Let’s Bust Some HVAC Myths!
Between changing the filter, scheduling routine maintenance and heating or cooling your home in the most efficient manner, there’s a ton of information out there on how to best maintain your HVAC system. Let’s face it. Heating and cooling might not seem like rocket science. However, it’s complex and can leave many consumers researching which option is best suited for their home.
Oh yes, there’s the internet, where you can find information on literally everything there is to know. But that doesn’t mean the information you’ll discover is inevitably true. And it can create some pretty big problems when you’re faced with, and believe, false information. For instance, you can type in a question about an important appliance in your home and receive a bunch of helpful “tips.” This is one of the reasons that misconceptions about HVAC systems have spread widely among homeowners.
Don’t sweat it. We’re busting some of most common heating and cooling myths to help keep you and your family comfortable and maintain that HVAC system in good working order.
Just like the tooth-fairy and the alligators in the sewers, the following myths can be the source of some serious confusion. Understanding them is the first step in getting the most out of your heating and air conditioning.
Myth #1: Routine maintenance isn’t necessary—“If it ain’t broke, don’t fix it.”
Busted. Because HVAC systems are so durable, many people believe they don’t require regular maintenance.
Yet, you wouldn’t even think to drive your vehicle for miles and miles without changing the oil, rotating the tires or replacing the brake pads. So why would anything be different when it comes to your heating and air conditioning calling for the same consideration and service? It’s quite simple: HVAC units have to be maintained on a routine basis.
Your HVAC system operates with a complicated network of parts and, over time, the pieces will need lubricated or replaced to keep the system running smoothly.
Fact is, one of the jobs of routine maintenance is to discover problems developing in the system, so they can be managed before they become worse. Repairs are not always obvious, but regular maintenance helps to make certain that little problems don’t turn into big ones. While it might seem there’s nothing wrong with your system at present, it’s very possible there is a small, undetected issue that could turn into a big problem later.
While it’s good to know how to manage your HVAC system yourself, it’s also helpful to know when to call the pros. In fact, a preventative maintenance program with a respectable HVAC contractor will arrange for scheduled inspections to ensure peak performance and might possibly lead to your HVAC system lasting past its expected life span.
Myth #2: Service agreements are a waste of money.
Busted. The inconvenience, irritation and issues associated with HVAC system breakdowns can be pricy in parts, labor and even system repair or replacement and can all be prevented with routine maintenance. A good preventative maintenance agreement with a well-respected and properly vetted HVAC service provider is a small price to pay for peace of mind.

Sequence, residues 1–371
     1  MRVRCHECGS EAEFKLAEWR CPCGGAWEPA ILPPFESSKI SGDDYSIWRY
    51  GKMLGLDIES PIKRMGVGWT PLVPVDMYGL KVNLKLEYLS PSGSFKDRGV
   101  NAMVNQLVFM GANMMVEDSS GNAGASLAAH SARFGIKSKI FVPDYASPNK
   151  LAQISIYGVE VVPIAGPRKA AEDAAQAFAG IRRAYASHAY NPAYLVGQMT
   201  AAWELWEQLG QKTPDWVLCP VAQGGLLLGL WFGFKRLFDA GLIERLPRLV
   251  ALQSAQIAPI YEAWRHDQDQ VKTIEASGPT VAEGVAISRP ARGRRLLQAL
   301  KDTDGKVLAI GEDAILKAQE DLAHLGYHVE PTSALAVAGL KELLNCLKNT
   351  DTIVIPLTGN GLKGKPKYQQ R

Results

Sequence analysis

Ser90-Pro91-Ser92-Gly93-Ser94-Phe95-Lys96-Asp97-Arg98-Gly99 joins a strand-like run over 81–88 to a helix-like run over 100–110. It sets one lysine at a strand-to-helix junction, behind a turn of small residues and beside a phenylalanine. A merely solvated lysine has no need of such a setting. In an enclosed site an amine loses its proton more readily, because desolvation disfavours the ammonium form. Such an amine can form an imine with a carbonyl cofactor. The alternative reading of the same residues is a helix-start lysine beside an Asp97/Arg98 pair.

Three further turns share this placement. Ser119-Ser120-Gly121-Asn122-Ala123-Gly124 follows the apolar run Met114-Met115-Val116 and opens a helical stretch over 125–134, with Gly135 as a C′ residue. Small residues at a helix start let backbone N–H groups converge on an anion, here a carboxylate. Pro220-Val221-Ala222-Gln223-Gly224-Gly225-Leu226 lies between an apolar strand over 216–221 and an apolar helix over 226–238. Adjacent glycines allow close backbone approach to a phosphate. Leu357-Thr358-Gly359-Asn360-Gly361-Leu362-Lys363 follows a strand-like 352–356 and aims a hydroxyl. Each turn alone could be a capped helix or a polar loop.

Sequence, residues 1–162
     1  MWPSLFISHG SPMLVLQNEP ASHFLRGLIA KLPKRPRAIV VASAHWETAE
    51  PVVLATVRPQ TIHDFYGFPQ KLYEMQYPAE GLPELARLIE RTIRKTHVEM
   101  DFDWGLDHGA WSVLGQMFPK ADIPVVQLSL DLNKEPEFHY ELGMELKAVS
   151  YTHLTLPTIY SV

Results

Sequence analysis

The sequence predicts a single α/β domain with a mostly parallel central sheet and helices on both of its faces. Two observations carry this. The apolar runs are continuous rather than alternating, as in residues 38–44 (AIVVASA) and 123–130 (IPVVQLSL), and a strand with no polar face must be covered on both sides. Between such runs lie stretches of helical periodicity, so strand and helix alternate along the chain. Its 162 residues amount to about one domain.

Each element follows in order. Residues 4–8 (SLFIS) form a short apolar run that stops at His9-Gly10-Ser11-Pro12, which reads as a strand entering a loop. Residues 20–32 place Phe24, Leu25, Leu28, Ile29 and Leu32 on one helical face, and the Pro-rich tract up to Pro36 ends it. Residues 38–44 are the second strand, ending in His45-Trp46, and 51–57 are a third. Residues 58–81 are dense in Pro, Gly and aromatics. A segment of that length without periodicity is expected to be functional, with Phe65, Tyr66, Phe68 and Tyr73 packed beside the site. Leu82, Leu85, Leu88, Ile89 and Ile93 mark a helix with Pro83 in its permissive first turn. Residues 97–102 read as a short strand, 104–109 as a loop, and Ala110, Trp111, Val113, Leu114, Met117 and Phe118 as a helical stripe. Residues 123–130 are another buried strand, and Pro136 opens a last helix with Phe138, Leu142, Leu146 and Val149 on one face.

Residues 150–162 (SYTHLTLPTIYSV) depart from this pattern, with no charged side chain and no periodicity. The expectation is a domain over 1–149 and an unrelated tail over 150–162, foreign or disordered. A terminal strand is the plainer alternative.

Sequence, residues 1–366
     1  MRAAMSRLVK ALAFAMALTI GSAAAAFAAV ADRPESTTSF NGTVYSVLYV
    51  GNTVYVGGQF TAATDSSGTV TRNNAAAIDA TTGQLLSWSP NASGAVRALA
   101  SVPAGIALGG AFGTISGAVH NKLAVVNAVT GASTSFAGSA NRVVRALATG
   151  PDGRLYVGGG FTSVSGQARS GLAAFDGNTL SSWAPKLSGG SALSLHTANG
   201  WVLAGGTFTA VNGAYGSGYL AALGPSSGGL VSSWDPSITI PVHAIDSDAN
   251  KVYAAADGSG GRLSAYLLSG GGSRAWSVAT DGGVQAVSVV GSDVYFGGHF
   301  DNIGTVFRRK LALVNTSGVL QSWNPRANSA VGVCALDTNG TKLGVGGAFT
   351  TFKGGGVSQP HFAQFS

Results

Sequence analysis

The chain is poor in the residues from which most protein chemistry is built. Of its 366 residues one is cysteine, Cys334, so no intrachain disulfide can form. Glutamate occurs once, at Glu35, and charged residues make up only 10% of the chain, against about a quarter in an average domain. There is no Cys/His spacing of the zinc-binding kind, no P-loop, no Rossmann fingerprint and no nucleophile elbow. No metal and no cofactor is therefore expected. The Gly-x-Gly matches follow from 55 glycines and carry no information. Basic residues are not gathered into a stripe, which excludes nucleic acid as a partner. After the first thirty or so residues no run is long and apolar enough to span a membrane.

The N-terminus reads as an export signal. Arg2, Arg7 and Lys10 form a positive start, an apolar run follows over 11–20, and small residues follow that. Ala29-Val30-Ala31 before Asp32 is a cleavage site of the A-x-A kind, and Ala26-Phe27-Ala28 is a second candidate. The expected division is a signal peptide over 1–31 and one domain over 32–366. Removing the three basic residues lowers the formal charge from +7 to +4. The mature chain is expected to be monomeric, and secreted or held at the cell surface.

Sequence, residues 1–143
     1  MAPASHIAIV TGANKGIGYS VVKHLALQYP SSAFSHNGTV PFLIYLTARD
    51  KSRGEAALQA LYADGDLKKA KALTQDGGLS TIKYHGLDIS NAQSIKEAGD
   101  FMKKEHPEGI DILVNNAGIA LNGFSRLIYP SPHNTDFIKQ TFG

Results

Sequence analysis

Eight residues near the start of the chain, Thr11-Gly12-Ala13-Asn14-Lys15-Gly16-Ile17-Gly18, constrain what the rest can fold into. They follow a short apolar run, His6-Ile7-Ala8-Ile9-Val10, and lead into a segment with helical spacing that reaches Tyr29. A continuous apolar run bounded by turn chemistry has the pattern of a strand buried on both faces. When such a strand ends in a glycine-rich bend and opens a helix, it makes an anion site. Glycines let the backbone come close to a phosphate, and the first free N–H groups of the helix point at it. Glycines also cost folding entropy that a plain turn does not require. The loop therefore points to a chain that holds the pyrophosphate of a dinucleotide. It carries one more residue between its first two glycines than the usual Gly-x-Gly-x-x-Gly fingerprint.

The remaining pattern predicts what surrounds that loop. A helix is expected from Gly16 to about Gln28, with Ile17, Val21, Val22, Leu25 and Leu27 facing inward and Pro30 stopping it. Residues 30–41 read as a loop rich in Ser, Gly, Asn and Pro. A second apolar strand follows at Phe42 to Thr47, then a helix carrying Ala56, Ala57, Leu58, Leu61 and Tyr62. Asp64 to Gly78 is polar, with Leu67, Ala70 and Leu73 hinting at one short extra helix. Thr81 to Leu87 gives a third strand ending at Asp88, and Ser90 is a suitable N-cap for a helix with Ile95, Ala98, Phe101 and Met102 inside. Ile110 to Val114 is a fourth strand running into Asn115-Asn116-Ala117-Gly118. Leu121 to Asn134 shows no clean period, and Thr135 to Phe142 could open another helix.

In fact, most service agreements are budget-friendly and designed to catch small problems before they worsen.
To learn more about preventative maintenance contracts, give the service pros at Phillips Heating & Air Conditioning a call.
Myth #3: Air filters don’t need changed on a regular basis.
Busted. Over time, dirt, dust and moisture block air filters. Though a variety of air quality factors affect how quickly this will occur, in general, the dirtier they get, the less efficiently your equipment will run.
Many homeowners mistakenly believe that the air filter is only there to protect their indoor air quality. Truth is, a clogged HVAC filter makes it much harder for the ventilation system to circulate air properly. This results in the fan or blower motor working harder than it was intended to do and may even cause the A/C to freeze up.
It may also contribute to wearing out the equipment much earlier than it should, leading to repair or replacement costs. Also, it’s to be expected that more dust and other particles find their way through a clogged filter and onto the fan or blower motors and into contractors, where it can cause damage, inefficient operation and even premature failure.
If you have your heating and cooling unit tuned up once or twice a year, that’s great. However, most HVAC units need to have filter changes done every 30 to 90 days. Don’t wait until your bi-annual appointment to take care of this chore.
No matter how you slice it, a clean filter changed often is far less costly than a unit repair.
Myth #4: A thermostat’s location doesn’t affect the HVAC system.
Busted. If the thermostat is in an area of the house that is shadier or sunnier than most of the other rooms, you’re going to experience poor heating or cooling. Avoid proximity to air vents, windows and direct sunlight. Also, stay clear of areas with an abundance of appliances, such as the kitchen, that frequently warm up. Ideally, the thermostat should be on an interior wall in a room where you and your family spend the most time.
Myth #5: The bigger the air conditioner, the better it will be able to cool the house.
Busted. A larger HVAC system doesn’t automatically mean bigger savings or more comfort. When replacing your heating or cooling system, it’s critical to make certain it’s properly sized. The best HVAC system for any home is one that is specifically suited for the insulation level, square footage and number of windows.